Forgo factoids, find facts

The inventor of the guillotine was not executed with a guillotine. Goldfish don’t have 15-second memories. Albert Einstein was not bad at math in his grade school years.

These are easily checked slices of so-called common knowledge, yet they persist to this day because they’re incredibly easy to share and make the recipient feel smarter for having consumed such simple information.

It’s time to kill the bad facts.

The biggest common thread throughout every school of education on this campus is the idea that every student should be able to employ critical thinking. We’re all paying thousands of dollars to be here, might as well put that to good use.

It’s even possible for a not quite correct image to be presented by simply deleting information one doesn’t want to present.

Sure, the friendly-looking ex-CNN reporter seems to be reporting on the latest news from the White House, yet even the most cursory of research shows she’s only talking about things that cast our government in a positive light, including skipping over the infamous health care bill’s failure to pass the Senate.

Arguably the biggest piece of news on the airwaves at the time, yet Real News didn’t cover it.

Huh, wonder why?

Given we live in an America where the executive branch of the government has started a Facebook video series akin to USSR state-run propaganda television, now more than ever it’s important to keep one’s wits about them.

As a student body, we should look for these false or cherry-picked facts as the semester progresses.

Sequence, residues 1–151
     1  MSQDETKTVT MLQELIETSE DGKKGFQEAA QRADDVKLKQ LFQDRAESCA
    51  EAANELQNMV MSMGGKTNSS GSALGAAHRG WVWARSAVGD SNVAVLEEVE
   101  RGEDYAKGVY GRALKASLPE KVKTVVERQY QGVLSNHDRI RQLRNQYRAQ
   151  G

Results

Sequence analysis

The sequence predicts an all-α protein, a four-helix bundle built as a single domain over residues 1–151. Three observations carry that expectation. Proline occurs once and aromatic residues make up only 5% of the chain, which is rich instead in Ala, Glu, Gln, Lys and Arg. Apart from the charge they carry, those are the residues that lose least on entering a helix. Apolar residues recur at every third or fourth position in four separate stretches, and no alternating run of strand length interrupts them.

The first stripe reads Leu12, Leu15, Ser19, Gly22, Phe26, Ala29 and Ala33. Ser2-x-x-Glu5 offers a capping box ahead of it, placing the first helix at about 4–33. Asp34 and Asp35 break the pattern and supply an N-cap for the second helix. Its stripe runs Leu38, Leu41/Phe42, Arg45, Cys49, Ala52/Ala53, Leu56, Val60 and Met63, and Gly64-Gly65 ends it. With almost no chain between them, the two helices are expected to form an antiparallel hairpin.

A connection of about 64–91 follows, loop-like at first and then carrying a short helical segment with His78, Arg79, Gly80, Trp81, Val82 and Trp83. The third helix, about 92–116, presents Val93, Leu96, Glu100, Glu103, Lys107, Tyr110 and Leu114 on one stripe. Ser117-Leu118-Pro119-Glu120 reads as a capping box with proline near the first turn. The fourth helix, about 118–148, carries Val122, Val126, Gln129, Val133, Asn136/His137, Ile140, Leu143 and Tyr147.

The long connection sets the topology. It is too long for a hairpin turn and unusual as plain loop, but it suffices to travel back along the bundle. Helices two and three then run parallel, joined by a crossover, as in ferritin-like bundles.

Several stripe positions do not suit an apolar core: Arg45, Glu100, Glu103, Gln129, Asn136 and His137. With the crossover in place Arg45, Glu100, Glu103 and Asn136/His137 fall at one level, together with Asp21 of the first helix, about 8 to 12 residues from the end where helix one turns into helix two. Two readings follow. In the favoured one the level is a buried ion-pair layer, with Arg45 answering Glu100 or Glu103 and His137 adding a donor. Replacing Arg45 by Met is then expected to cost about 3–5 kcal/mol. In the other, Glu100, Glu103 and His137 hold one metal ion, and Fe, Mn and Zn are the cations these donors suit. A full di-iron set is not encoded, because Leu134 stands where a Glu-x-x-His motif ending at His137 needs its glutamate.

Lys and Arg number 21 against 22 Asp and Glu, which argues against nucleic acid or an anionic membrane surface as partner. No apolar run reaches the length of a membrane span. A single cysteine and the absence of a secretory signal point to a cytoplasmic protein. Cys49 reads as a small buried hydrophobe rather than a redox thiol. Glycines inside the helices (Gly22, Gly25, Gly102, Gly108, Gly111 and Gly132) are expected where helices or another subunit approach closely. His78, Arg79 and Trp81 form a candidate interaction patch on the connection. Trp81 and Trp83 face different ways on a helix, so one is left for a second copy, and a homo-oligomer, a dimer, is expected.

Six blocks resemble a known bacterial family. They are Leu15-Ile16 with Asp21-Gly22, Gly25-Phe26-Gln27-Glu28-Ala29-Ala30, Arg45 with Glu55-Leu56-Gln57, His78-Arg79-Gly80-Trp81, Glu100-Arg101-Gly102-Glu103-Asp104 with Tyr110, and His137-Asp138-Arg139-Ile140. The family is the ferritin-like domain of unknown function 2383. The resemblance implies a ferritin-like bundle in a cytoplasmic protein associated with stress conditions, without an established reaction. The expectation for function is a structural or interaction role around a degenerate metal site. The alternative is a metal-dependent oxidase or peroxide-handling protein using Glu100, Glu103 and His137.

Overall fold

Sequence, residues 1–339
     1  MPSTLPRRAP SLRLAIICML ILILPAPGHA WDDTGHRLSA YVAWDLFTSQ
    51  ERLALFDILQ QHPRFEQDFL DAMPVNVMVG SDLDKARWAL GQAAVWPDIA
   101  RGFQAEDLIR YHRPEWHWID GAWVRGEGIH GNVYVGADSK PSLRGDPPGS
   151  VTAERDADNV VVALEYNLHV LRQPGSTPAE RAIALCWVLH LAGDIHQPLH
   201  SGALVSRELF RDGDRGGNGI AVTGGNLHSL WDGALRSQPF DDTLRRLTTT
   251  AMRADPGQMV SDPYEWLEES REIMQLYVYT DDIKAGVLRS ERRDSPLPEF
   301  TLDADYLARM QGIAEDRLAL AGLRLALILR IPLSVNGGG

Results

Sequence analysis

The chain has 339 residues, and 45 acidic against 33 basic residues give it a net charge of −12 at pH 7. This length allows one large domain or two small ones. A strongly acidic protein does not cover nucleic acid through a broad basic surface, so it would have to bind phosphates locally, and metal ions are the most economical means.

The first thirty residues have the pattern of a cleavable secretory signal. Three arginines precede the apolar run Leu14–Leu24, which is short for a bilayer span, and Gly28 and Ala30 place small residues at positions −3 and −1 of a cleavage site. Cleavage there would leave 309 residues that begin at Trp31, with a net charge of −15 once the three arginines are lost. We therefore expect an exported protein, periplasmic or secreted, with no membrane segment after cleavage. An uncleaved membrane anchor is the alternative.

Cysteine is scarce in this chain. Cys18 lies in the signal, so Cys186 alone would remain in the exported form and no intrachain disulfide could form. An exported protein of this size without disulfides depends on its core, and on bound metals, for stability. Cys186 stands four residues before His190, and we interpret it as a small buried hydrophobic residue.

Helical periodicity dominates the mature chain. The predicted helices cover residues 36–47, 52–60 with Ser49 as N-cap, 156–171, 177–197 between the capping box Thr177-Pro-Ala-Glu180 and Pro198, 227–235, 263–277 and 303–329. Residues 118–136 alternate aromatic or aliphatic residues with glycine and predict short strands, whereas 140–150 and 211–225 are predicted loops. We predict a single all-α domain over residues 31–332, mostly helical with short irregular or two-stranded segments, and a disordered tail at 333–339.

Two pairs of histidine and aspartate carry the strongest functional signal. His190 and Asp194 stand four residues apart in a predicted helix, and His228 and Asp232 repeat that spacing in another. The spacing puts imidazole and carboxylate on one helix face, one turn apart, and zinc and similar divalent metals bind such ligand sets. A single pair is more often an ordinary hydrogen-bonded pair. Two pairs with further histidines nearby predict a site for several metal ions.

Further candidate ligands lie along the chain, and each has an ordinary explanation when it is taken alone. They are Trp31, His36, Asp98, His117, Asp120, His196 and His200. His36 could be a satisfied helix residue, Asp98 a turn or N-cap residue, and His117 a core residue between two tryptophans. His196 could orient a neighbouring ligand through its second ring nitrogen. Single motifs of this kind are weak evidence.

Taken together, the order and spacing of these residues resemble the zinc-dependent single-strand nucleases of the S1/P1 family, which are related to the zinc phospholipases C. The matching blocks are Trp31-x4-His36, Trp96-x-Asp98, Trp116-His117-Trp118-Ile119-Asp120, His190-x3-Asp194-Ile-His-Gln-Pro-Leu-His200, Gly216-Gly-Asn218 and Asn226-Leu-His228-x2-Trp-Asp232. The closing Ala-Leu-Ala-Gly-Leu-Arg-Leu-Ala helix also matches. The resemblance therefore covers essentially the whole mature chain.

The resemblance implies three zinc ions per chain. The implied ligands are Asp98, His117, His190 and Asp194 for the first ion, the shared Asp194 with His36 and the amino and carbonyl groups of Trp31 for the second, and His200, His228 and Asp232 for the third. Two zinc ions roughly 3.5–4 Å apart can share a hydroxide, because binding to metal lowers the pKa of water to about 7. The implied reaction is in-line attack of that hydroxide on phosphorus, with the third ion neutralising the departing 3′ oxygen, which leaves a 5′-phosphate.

Just because someone with a doctorate tells you that for every five miles of highway one mile must be straight so that planes may land in a time of war, doesn’t mean it’s true. If anything, these easily communicated non-facts have much more interesting true roots to them than the actual factoid.

In the May/June 2000 issue of Public Roads, Richard Weingroff wrote a delightful piece on this very topic, digging up a 1943 plan that might have sparked the long-shared “one in five rule” myth.

In essence, Commissioner of Public Roads Thomas MacDonald proposed a plan to boost the economic growth of aviation in the United States by building many small air strips near highways, even going as far as to coordinate with nearby gas stations so they’d stock aviation fuel for said planes.

The plan was never executed, but for a brief moment we considered building an infrastructure that would’ve drastically changed the average American’s interaction with air travel. It would’ve become much cheaper and easier to commute via small plane, and owning a smaller plane probably would’ve become much more achievable.

Of course, this truth doesn’t fit in 140 characters as easily as simply telling someone every five miles of interstate highway has to have one mile of perfectly straight road so Air Force One could land in a time of war.

A skeptical approach often proves best, my friends in education.